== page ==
Francis, J.P. “The Major’s Daughter”, Plume, 2014,
Love in Wartime
In 1944, the rural town of Stark, New Hampshire received 150 German prisoners of war and this changes the place totally. But even more it that one family must choose between love and country.
Major John Brennan is the commander at Fort Stark and so he is, in effect, in charge of the Germans and his daughter Collie is to be their translator. Not only is Collie beautiful but she is an educated having studied at Smith College. She is immediately charmed by Private August Wahrlich, a poet whose life has been altered by the war and both Collie and August are aware that the war has now come home but they are so much in love that they do not the dangers that they face.
During the final days of the war there were also another hundred Austrian soldiers at Camp Stark and the prisoners of war were made to work as loggers and cut wood that was needed for the war. Collie faces a difficult time because she both is in love with a POW yet she respects her father’s authority.
Among the Germans was a loud group who were angry at the terms of their imprisonment. Collie who made them at their arrival was immediately taken by August Wahrlich and she considers him to be her “German soldier”. She knows that no matter what she feels for this man, the relationship was doomed from the very beginning.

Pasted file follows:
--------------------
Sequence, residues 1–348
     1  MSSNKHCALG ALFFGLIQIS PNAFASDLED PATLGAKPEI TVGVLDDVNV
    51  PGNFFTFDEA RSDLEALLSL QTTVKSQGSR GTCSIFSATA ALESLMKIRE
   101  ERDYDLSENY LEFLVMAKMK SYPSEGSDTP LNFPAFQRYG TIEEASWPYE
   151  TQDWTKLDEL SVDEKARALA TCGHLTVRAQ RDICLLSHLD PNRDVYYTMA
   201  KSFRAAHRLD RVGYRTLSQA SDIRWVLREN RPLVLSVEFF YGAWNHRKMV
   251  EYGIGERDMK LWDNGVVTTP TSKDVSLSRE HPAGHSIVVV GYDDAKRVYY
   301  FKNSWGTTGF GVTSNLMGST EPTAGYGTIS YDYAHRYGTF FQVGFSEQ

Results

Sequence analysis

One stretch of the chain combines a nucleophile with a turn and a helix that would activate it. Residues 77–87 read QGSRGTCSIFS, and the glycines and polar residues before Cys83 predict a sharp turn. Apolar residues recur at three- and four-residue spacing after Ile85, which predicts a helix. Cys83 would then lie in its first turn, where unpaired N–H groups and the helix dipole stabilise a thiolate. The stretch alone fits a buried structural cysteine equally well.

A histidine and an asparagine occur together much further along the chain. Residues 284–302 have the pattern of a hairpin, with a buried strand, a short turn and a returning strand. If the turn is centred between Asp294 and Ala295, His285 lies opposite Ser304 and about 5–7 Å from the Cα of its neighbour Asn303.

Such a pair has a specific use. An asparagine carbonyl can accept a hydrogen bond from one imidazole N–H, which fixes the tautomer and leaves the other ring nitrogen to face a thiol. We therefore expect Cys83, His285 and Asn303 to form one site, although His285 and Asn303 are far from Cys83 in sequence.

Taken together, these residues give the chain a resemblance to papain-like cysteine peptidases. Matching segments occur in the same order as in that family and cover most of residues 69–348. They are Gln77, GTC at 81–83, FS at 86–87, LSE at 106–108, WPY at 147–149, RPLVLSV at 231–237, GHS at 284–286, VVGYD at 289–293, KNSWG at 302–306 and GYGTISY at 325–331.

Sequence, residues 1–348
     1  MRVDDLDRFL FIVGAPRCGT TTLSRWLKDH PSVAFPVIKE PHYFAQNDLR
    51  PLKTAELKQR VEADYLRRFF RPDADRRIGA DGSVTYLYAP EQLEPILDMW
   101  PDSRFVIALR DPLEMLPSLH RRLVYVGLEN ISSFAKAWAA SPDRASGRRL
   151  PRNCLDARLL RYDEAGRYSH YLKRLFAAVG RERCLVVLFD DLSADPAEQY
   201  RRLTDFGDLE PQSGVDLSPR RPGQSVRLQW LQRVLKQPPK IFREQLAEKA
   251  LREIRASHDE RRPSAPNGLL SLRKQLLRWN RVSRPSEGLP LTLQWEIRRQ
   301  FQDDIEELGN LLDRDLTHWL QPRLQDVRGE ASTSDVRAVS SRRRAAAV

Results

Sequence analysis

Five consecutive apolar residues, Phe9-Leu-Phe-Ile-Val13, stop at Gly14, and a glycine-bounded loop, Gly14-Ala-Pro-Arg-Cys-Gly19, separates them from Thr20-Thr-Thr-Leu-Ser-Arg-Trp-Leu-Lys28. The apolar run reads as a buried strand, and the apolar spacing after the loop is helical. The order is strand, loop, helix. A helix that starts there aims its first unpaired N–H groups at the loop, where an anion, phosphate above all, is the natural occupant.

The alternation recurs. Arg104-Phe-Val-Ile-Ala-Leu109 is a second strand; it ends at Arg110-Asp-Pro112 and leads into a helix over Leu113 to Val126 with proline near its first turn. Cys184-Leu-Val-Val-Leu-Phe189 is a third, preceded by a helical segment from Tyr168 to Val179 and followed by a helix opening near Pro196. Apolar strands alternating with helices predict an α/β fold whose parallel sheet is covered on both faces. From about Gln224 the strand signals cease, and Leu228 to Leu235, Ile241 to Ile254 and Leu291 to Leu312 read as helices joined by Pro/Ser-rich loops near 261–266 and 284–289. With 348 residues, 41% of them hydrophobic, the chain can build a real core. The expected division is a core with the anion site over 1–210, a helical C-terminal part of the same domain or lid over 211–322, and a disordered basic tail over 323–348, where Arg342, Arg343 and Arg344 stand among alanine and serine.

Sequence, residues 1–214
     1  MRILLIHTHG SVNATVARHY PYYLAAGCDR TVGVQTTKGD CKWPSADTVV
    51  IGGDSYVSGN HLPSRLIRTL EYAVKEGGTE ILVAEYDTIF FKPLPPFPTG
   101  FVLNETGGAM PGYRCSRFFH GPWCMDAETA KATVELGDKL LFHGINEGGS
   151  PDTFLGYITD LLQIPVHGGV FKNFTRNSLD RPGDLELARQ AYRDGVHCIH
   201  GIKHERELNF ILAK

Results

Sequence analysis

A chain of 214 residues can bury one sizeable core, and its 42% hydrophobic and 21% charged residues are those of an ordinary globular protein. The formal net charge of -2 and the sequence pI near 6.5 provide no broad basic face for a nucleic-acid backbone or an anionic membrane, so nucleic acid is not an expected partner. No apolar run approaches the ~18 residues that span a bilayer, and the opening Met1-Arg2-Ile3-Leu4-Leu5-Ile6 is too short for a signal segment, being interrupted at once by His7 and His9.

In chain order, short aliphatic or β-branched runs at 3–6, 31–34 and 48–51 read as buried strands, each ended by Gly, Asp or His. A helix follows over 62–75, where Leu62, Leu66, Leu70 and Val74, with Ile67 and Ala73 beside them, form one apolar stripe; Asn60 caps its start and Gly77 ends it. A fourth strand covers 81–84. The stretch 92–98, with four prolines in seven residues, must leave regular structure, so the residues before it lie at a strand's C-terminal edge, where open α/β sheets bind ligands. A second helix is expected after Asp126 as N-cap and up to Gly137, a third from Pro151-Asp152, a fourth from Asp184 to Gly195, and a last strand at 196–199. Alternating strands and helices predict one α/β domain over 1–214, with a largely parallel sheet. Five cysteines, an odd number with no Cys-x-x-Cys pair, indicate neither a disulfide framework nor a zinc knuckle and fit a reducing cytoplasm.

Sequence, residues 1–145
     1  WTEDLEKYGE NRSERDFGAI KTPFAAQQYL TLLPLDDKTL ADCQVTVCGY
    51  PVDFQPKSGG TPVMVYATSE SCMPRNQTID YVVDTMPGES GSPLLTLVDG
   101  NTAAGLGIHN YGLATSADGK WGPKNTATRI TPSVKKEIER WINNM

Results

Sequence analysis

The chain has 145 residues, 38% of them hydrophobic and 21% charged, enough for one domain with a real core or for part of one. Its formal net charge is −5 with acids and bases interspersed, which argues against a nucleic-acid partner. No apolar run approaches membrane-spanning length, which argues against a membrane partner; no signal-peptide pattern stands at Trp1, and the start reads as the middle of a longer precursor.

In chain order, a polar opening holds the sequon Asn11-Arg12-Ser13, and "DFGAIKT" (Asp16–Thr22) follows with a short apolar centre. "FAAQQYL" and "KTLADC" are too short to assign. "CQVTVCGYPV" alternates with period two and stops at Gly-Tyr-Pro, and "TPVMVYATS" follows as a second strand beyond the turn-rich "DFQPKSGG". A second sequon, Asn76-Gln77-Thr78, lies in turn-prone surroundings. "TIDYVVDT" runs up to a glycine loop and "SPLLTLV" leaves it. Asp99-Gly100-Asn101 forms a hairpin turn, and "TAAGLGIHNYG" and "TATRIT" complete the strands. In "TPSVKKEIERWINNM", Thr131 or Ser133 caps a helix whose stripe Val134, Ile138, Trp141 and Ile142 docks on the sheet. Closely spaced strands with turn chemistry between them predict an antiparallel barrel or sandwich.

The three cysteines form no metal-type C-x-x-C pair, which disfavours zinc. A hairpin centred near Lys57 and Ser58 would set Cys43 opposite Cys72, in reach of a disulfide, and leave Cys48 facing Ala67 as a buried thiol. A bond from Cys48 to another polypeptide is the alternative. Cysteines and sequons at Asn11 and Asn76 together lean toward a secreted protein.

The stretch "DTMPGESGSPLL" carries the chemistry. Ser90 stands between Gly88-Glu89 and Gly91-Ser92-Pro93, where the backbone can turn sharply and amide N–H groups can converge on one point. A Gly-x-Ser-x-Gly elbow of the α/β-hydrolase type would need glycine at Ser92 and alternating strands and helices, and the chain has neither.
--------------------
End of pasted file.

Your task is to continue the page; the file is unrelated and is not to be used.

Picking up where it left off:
Collie was not alone in her feelings. Her friend from Smith, Estelle, comes to visit and she is just getting a similar affair and she is now preparing to marry a man that she does not care for. As if that is not enough, local businessman, Henry Heights, is determined to have Collie as his wife.
Even though she knows that what she is doing is wrong (at least in hr father’s eyes) and she must decide whether following her heart is worth as much as betraying her family.
While this is fiction, I understand that it is based on fact and since it deals with forbidden love, it is a theme that we are familiar with. Author J.P. Francis gives us some very real characters and she writes about them in crisp honesty. This is a highly recommended novel about love that is forbidden and Francis handles it well.